Weight and lock of a safe: considerations to make when buying

Weight happens to be one of the critical factors when checking out which safes you need to buy.  It will determine the safe’s ability to protect from fire and burglary. Steel happens to be massive. A safe quality with solid steel walls will tend to be heavier than a safe flimsy that is just fabricated using wrapping metal sheets around panels of insulation.

Concrete that is the high density that is amalgamated tends to be heavy.  A composite amalgamated concrete base that is fire-safe will grow to weigh more than a safe, which utilizes insulation panels.

High density and steel concrete tend to amalgamate together and will be very heavy. A true burglary safe with solid steel walls and concrete th amalgamated fire cladding carries three times the mass of the same size of a safe that is constructed using steel metal and the panels for drywall. They are the type of safes that you need to look out for.

You have to the lookout. If a safe is very heavy, it does not necessarily mean that it carries a lot of solid steel. The weight can come as a result of combined concrete alone. You have to ensure to check the real steel thickness for both the wall and the floor.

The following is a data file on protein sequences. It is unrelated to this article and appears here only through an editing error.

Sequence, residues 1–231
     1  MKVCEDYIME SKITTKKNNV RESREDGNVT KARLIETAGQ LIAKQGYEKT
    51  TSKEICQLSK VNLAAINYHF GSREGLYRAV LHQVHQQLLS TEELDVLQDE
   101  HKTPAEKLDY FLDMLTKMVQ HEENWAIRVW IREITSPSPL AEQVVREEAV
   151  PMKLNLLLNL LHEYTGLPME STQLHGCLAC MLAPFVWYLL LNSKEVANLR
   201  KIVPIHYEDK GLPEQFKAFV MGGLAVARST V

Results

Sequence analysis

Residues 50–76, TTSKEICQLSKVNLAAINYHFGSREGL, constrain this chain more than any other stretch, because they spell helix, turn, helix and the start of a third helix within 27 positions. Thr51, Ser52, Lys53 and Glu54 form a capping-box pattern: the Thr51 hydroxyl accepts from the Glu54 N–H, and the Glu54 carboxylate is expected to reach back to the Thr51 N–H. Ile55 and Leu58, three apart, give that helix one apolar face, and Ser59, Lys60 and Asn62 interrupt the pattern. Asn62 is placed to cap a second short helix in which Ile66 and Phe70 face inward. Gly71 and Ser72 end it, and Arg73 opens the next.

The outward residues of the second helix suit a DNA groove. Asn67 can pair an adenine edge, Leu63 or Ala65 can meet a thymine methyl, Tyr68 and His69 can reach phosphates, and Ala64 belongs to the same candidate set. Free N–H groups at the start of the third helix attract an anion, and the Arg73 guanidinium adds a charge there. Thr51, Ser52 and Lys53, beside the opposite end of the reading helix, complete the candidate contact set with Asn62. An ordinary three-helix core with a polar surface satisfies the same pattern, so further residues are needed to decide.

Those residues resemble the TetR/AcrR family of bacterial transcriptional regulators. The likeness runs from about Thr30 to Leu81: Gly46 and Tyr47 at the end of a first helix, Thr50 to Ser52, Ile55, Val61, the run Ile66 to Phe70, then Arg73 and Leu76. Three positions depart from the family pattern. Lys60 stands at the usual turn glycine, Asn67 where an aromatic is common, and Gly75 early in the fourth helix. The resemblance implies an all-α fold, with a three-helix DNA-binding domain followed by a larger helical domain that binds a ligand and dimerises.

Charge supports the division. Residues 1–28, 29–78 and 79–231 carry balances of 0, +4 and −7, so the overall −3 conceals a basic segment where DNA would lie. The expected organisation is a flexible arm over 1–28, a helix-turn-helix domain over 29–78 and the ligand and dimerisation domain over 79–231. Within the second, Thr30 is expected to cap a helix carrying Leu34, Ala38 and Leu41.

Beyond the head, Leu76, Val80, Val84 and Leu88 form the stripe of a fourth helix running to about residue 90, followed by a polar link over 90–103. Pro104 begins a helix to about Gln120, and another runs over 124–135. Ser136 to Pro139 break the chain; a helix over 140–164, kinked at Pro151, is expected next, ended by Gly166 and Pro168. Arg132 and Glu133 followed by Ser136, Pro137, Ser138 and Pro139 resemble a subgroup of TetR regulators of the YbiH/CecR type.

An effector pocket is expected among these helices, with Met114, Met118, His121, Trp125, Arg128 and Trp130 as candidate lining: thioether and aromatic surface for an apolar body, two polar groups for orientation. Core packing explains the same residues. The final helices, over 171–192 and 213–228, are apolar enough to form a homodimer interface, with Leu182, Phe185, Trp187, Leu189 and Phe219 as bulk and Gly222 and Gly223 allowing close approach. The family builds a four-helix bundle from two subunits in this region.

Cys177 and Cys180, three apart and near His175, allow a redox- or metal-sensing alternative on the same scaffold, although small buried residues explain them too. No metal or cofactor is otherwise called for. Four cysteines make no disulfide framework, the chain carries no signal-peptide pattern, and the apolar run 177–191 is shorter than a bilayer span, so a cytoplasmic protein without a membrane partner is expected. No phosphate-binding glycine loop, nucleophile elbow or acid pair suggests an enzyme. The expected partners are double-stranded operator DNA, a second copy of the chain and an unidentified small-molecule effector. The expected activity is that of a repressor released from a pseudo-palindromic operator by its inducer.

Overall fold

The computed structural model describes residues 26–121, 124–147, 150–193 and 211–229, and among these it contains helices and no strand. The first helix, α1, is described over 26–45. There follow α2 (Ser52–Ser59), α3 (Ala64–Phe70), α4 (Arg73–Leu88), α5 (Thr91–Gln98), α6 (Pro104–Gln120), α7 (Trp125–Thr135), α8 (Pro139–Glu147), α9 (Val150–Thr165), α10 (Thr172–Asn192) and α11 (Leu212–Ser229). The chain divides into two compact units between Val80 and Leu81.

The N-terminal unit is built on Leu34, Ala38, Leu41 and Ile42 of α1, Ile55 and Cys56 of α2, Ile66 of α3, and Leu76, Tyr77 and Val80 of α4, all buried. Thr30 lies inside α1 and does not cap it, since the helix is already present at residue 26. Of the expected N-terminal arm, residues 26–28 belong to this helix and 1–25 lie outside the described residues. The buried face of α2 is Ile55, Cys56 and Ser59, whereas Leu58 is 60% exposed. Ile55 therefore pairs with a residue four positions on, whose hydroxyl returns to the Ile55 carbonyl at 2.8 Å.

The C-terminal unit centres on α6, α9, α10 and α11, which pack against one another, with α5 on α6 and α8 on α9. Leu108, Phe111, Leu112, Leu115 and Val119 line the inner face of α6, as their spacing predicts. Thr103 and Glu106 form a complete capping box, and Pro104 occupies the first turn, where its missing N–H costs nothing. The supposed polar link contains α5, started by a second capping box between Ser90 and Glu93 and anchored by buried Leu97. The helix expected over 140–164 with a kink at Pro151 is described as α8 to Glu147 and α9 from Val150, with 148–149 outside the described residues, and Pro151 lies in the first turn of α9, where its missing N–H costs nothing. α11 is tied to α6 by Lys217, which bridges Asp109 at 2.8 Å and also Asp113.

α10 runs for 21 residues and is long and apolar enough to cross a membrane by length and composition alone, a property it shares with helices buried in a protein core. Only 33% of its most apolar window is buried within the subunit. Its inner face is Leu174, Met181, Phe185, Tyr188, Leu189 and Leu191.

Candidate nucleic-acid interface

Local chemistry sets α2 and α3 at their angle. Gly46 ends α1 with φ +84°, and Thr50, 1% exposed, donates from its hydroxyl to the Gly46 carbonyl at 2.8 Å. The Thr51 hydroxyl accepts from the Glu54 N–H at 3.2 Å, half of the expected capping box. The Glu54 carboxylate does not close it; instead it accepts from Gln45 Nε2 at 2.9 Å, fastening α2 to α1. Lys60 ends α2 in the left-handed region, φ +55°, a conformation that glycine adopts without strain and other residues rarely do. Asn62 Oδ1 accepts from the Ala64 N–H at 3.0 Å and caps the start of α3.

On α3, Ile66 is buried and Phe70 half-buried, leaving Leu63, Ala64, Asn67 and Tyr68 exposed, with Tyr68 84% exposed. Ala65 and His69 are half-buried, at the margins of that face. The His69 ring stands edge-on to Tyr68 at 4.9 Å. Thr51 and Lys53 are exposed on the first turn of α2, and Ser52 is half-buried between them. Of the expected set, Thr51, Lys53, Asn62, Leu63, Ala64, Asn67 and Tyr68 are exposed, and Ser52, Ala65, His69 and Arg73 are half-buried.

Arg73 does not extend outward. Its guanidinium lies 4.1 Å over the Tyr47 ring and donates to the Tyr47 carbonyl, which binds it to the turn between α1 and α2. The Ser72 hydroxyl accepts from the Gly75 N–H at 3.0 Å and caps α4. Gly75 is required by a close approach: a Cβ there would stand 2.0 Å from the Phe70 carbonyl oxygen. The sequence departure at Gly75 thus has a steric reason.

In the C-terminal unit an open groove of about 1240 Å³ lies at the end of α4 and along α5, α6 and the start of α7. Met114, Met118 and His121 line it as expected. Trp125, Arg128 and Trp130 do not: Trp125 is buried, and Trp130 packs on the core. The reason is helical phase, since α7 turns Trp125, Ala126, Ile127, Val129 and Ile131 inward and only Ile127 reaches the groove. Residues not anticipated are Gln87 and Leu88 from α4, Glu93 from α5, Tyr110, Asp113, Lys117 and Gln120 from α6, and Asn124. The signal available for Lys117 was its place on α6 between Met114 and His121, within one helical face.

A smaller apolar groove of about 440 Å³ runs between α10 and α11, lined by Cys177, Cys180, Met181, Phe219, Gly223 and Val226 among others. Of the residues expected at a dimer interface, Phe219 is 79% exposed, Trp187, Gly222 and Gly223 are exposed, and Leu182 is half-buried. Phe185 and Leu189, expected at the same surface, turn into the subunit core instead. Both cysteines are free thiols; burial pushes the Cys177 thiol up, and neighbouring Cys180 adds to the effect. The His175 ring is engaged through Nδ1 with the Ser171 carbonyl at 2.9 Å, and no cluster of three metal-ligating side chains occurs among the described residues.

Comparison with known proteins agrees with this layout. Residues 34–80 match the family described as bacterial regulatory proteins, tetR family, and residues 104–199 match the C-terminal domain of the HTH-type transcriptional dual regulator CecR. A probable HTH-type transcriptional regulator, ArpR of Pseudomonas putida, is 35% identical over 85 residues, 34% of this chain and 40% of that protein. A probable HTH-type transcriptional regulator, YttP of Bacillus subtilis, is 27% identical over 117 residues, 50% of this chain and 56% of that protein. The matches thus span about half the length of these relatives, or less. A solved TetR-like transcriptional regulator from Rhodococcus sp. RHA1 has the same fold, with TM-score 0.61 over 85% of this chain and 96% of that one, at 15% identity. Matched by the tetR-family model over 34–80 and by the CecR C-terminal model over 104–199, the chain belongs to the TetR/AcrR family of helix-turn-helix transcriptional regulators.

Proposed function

Go with the lock that is UL approved

Ensure that the safe you are planning to purchase has a group 2 UL approved lock or something better. The three locks that are dependable lock manufacturers are Kaba Mas, Sargent and Greenleaf, and LaGard. These are considered to be lock manufacturers who produce guaranteed locks to provide for decades of trouble-free operations.

If you decide to go for a safe that doesn’t have an approved UL lock, there are higher chances of the safe lock coming from China. The majority of the manufacturers that end up equipping their safes with their lock brand utilize the Chinese locks. While they are very affordable, the lock’s built-in in china are undependable and are likely to fail faster.

The Chinese locks malfunction, and you might be locked out of your safe. Opening such safes might be time-consuming and costly as it is nearly impossible for an even licensed locksmith to obtain blueprints to aid you in cleaning, a safe entry that is repairable. Most of the safe owners in such an unfortunate situation decide to go for a less expensive and faster-forced entry option. With that, the safe becomes unusable after you have gained forced entry, and as the owner, you get stuck with a large bill and the need to replace it with a secure and reliable safe.

Avoid drywall and fireboard based fire safes

Although the construction of fire safes with fireboard, dry board, the fireboard, or the other panel-based materials for insulation tends to make the majority of the sales that are sold currently in the market, they provide the fire protection that is inferior as compared to true fire safes that are composite-clad.